Sunday, November 16, 2008

Are You There God? It's Me, That Guy Who Doesn't Believe In You

Hector and I were talking in the Smoke thread about the phenomenon of atheists in Church. I think it's not uncommon. I wrote:

Religion serves a purpose that isn't diminished by disbelief. I go to the Jews again here, because they adhere to the roots of religion which are "to bind". Many of the great atheists were Jewish because, of course, Jewish-ness transcends what one believes. Every Jew knows, I think, that when the next round of pogroms start, whether or not they're practicing will not change their fate.

So the outside world binds them as well.

I think the need for the religious binding remains even when we can't see God.

Hector responded with some interesting questions.

1) does Pascal's wager imply some contempt for God's intelligence? Isn't it just a transparent ruse?

Pascal's wager, of course, says (roughly) that there's no penalty for believing in God and a tremendous penalty for not (believing in the Christian God), therefore belief is the safest choice. You can read the various rebuttals and apologetics, but I think the key to Hector's question comes from a subtler view of the wager.

That is, Pascal is not advising anyone to pretend to believe in God; nor do I think that he came up with this wager to win converts. No, I think Pascal's wager is meant to be a comfort to Christians who, like Pascal, lead logic-driven lives and then have to confront the challenges of faith.

2) is there a way that does not involve belief in God (or deities of some sort) to get the sort of social networks that churches promote, in which people care for, and actually help, people outside the group of their blood or marriage relations? Is this commitment of people to care for one another what you mean by "the religious binding?" If so, is belief in a God or Gods required to make it work?

I think people are bound by necessity. I think that's why, for example, bonds are generally less powerful today in the developed world: Lower necessity means a weaker bond. (You can see this writ small on marriage: Women need men less, and men are more likely to see women as an unnecessary enemy.) So I think you do see a binding in, say, frontier towns that isn't necessarily driven by religion. But it's tied to the frontier. It wouldn't survive a diaspora.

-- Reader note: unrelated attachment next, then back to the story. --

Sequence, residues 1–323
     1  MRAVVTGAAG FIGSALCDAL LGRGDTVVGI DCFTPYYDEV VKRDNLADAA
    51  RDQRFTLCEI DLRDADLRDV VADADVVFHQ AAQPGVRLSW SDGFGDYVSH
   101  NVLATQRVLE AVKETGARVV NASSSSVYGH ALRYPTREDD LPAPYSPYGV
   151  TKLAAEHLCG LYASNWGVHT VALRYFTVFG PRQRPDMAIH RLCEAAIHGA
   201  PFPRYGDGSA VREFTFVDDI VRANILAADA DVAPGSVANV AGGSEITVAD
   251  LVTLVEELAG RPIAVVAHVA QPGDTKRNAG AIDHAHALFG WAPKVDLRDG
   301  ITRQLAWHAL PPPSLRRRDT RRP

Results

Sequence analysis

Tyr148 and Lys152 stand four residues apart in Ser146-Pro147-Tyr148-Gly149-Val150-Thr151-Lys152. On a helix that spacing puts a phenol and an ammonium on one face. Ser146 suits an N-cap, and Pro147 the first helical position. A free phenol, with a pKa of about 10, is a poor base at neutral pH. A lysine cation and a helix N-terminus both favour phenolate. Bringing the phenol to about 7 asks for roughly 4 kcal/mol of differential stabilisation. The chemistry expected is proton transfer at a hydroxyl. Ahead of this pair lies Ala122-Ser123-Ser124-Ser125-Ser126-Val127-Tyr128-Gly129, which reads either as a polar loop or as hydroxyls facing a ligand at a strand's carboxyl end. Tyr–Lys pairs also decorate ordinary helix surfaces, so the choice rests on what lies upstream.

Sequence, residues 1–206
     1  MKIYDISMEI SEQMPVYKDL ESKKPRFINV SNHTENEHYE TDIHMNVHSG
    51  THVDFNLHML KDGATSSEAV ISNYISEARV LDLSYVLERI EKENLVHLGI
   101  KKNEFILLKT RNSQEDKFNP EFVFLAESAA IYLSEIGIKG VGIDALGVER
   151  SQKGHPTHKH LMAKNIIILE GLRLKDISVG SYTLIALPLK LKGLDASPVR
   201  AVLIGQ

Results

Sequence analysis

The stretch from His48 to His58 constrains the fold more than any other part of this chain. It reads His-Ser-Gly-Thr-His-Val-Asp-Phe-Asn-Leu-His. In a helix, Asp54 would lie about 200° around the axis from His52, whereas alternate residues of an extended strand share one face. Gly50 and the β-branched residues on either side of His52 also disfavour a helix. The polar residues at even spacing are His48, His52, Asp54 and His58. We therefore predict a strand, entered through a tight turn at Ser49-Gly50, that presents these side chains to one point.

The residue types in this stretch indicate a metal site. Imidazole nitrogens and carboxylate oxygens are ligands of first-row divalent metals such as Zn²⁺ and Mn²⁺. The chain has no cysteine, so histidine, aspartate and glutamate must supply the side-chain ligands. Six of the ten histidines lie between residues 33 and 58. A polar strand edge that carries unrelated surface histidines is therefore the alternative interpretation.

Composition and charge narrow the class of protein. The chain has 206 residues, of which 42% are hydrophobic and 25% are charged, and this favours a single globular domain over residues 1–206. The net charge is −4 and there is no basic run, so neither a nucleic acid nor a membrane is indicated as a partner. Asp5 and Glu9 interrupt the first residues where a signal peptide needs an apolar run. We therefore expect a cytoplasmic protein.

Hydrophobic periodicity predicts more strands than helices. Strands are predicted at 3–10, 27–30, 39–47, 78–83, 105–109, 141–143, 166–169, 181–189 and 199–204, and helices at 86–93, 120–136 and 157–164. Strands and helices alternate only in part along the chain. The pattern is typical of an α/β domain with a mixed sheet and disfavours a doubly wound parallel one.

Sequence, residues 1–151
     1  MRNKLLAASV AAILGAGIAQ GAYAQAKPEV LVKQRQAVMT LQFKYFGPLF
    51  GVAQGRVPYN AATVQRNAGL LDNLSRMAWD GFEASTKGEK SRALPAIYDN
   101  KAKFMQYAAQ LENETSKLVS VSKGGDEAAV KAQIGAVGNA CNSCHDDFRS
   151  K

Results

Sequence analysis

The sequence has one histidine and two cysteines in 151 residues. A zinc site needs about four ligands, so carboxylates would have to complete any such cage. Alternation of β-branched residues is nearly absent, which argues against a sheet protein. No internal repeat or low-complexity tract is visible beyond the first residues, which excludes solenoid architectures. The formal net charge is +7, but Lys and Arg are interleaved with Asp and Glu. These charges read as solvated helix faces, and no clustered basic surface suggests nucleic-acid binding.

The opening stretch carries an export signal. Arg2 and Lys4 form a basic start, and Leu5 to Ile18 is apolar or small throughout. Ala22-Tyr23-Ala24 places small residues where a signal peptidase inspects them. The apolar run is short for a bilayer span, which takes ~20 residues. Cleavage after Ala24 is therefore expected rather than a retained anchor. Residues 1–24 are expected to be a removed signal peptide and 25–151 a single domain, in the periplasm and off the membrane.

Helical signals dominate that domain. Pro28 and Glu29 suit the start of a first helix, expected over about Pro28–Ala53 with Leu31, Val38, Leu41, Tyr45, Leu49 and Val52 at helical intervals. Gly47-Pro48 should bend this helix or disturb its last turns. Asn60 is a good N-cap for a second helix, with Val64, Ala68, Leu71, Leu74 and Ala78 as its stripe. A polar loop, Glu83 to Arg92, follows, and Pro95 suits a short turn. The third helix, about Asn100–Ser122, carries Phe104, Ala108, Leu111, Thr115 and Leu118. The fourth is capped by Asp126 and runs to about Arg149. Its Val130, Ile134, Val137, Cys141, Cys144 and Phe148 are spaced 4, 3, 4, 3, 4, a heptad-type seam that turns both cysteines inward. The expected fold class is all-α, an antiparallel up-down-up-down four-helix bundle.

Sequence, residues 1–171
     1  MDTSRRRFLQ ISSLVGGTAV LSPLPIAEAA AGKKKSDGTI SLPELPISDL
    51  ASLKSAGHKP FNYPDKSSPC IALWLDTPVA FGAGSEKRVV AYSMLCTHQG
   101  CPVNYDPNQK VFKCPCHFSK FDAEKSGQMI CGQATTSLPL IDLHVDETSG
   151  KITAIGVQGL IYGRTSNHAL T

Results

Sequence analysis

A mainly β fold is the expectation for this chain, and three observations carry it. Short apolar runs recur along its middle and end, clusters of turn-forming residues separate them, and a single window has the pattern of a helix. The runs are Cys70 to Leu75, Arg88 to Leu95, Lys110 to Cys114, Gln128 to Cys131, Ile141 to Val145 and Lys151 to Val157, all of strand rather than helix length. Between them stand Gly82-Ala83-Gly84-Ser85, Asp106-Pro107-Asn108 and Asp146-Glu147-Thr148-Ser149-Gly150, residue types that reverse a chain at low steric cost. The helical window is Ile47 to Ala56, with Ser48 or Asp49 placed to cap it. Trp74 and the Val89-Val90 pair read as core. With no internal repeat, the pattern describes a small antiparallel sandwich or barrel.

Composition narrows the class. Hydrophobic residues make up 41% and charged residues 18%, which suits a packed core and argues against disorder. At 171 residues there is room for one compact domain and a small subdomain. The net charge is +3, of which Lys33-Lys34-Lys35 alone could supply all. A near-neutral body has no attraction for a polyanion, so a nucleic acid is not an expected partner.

Does it need a God? Not exactly, I don't think. If we look at the other things people could bind over (blood ties, geography, philosophy, God, ritual, occupation, military service athleticism, TV shows, etc.), it's clear that some things work better than others. And if we look at the many forms of statism (including communism, socialism, fascism, etc.), you see that it doesn't work at all, and in fact undermines other bonds.

I think that's a clue. Statism places the authority of the state above all. Spiritualism tells Man that he is, in portion, greater than any temporal organization. That there are fates worse than death. And that he has responsibilities that go beyond his own body. (I believe this is what underlies the antagonism between Church and State.)

So, I think you need a powerful abstraction to unite people. People sign on to collectivist ideas because it's fundamentally true that we are interdependent. But the State quickly--like, immediately--reduces to a self-aggrandizing monster, and so fails to bind people. (Except in the same way a natural disaster binds people.)

Modern libertarianism--probably the most logical approach to governance--also fails to unite people very strongly, because it describes a negative. Compare "the virtues of selfishness" to "All Men are created equal...[and]...are endowed by their Creator with certain unalienable rights; that among these are life, liberty, and the pursuit of happiness". Both describe the same thing, essentially, yet Jefferson's argument posits a noble Man.

Sidebar: I think this is the reason for Jefferson's ascendance over Adams. Adams was probably a better President, a nobler man, maybe even a better human being than Jefferson, but Jefferson set the gold standard in appealing to our better nature. Adams was wary of us, Jefferson told us we were better than anyone had let on before.

God, in His various forms, unites people in much the way Santa Claus unites children: There's a guy out there watching and judging your every move. This works because it's true, because minimally you--your Inner Jefferson, if you like--are watching and judging your every move.

In summary, God isn't necessary, but you need something huge--and there has to be some truth. Consider Selma and the Civil Rights Movement: Something huge has to be behind you if you're going to stand up to the awesome power of the State. (See? The State knew the Church was trouble!)

3) do the Unitarian Universalists have the answer to #2? If so, why aren't they more successful? In terms of membership numbers, or any other objective measurement.

Oh, I think the other major part of binding that's necessary is missing with UUs: Sacrifice. Religions require sacrifice. Time. Money. Food. Sex. Public approval. It costs something to be Jewish. If you're born Jewish, you carry that potential sacrifice with you all the time, even if you renounce the faith. If you practice the faith seriously, there are all kinds of things you can do, you can't do, etc.